NOTE: On Saturday, June 29, the Columbus Crew will induct Sigi Schmid into the Circle of Honor. This is one of several stories I am writing in advance of the ceremony. An updated list of stories will be kept HERE. For tickets to Saturday night’s game and induction ceremony, click HERE.
Danny O’Rourke and I had a conversation about a month ago. He’s now an assistant coach at his alma mater, Indiana University. O’Rourke was trying to think of how to help one of his players, and he thought back to a time that Sigi Schmid helped him back in 2007, back before the center back conversion, when Danny was still an opponent-crunching central midfielder.
“When I played, I was very focused,” he said. “I had tunnel vision. I saw the ball and I wanted to win it and nothing stood in my way. When you play that midfield position, I lacked some of the things with the 360-degree field vision that the best sixes in the world have.”
One day, Sigi pulled Danny into his office for one of their chats. Sigi probably told some stories. He always told stories. But at one point, being obsessed with self-improvement, Danny asked his coach for advice on what he should be doing to improve his game. Sigi responded with a way to expand O’Rourke’s field vision.
“He told me, ‘Any time you’re driving, or every time you’re walking around at Easton or wherever you are, always notice the things on the side of the road. Notice the cars. Notice everything and pick up on the information around you and develop it into a habit.’”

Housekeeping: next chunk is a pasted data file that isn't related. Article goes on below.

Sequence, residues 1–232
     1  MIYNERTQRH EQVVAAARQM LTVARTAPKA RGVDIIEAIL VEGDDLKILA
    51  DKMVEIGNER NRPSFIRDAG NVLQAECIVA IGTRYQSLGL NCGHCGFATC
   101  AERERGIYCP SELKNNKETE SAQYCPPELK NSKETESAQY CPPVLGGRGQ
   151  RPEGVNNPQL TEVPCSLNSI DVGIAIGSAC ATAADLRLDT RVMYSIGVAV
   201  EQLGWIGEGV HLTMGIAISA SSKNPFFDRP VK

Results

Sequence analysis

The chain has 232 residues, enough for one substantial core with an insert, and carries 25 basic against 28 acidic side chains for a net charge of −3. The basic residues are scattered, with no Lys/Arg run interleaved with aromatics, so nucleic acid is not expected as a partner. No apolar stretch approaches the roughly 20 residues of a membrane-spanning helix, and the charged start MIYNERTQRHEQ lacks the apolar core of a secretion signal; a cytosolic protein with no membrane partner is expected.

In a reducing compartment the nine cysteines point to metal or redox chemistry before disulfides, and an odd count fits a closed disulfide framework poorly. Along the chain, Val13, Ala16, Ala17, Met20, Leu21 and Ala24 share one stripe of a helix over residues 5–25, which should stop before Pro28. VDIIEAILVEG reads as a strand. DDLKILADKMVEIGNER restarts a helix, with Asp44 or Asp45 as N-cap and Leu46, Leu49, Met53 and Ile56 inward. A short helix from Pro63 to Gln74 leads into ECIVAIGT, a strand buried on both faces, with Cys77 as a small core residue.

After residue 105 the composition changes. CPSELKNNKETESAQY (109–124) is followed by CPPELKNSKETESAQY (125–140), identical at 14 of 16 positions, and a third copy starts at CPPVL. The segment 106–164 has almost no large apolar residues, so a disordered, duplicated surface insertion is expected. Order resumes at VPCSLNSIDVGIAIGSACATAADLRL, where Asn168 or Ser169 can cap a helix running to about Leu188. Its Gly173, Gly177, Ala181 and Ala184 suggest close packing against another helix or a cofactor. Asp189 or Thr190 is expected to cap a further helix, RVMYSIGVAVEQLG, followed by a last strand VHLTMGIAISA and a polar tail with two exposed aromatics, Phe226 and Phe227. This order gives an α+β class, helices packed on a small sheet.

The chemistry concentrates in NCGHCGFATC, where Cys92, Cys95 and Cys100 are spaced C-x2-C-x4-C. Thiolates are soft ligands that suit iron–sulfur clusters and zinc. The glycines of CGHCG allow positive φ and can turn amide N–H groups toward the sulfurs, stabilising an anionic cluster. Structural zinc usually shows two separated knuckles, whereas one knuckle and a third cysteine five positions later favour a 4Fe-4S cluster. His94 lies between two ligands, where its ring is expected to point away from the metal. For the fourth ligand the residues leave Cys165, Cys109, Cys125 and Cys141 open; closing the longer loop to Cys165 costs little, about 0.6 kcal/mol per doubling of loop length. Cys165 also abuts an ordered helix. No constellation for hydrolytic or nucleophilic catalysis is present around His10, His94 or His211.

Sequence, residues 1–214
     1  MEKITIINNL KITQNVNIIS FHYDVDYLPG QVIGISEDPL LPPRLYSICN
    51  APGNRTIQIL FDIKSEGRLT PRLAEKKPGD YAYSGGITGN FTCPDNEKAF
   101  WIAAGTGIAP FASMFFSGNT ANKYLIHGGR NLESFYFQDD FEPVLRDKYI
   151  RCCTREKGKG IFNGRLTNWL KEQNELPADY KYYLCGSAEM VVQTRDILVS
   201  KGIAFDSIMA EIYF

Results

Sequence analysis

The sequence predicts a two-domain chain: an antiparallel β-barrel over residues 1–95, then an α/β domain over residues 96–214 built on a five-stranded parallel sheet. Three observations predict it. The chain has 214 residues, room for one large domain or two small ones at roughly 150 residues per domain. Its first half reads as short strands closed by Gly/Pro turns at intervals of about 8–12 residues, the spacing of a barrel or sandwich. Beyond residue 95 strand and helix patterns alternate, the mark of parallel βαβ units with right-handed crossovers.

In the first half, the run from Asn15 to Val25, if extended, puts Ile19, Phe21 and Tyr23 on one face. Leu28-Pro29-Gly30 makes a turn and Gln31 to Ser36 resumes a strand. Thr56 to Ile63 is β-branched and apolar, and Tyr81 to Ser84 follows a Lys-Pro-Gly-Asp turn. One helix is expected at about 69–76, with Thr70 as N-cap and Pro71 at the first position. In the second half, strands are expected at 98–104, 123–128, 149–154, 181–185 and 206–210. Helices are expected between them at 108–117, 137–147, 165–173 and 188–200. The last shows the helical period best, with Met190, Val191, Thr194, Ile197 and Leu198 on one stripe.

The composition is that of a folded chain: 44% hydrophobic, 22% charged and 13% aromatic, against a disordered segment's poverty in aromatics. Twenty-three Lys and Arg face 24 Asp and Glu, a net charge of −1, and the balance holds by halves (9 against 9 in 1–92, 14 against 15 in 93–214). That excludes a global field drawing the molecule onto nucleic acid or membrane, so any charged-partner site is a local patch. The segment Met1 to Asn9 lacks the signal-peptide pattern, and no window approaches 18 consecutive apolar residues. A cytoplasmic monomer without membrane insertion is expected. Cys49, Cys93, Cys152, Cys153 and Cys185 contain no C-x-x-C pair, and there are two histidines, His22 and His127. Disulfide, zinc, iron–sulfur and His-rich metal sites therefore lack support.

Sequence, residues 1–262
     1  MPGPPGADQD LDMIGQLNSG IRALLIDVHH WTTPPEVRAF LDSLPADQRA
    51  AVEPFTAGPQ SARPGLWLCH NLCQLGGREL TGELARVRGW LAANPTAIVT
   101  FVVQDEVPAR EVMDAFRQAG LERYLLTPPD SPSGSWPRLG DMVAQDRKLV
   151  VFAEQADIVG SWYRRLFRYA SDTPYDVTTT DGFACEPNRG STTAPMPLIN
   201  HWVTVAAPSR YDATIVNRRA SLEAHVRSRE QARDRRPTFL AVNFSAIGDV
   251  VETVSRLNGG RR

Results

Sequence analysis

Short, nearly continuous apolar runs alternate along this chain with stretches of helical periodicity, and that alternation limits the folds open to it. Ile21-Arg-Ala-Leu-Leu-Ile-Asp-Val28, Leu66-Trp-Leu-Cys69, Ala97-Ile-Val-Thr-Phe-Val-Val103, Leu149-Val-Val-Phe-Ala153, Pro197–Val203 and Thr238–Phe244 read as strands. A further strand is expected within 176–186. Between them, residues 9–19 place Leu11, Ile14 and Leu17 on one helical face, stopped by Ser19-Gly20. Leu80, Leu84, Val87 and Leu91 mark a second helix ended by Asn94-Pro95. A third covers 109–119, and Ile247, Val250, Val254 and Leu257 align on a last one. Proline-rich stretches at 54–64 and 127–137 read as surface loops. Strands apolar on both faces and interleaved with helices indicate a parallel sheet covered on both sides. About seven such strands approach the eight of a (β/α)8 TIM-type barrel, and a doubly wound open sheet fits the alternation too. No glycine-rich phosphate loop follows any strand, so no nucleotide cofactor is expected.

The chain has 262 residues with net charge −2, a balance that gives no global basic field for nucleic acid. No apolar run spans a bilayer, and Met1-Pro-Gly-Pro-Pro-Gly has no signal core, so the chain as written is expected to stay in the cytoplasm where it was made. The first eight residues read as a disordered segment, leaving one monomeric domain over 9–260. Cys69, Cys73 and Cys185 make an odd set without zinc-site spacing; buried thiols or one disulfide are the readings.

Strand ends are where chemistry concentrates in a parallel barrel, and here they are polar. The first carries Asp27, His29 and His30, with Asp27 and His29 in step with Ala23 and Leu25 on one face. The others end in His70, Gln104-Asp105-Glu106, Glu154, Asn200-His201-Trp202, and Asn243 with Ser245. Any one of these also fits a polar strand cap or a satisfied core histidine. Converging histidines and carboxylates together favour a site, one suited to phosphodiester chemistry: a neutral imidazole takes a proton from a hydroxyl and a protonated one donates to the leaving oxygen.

O’Rourke followed his coach’s suggestion and found it improved his game.
“It got to the point where I was driving from German Village to Obetz and I could tell you what exactly was on every single sign to and from practice,” he said. “It’s something that I didn’t get to the level I wanted to, but it definitely elevated my game. Something so small, but it’s something that when you’re tired after training and you’ve done all your extra work, you can still focus on getting better every day. For me, it was about getting 1% better than the day before, and that doesn’t stop when you leave the field. You can still get better when you’re not training.”
Now O’Rourke was on the receiving end of similar questions from a player in need of similar help. He gave that player the same assignment that Sigi had given him all those years ago.
“Coaches are teachers of soccer, but also of life skills, so for him to use something on me over a decade ago that I still find relevant and can pass on to others, you can’t really ask for more than that,” he said. “That was a pretty cool moment the other day when I was thinking of what I could say to this kid to help him out with what he needs and the questions he’s asking, and then Sigi popped into my head and I thought, ‘Yep, that’s exactly it.’”
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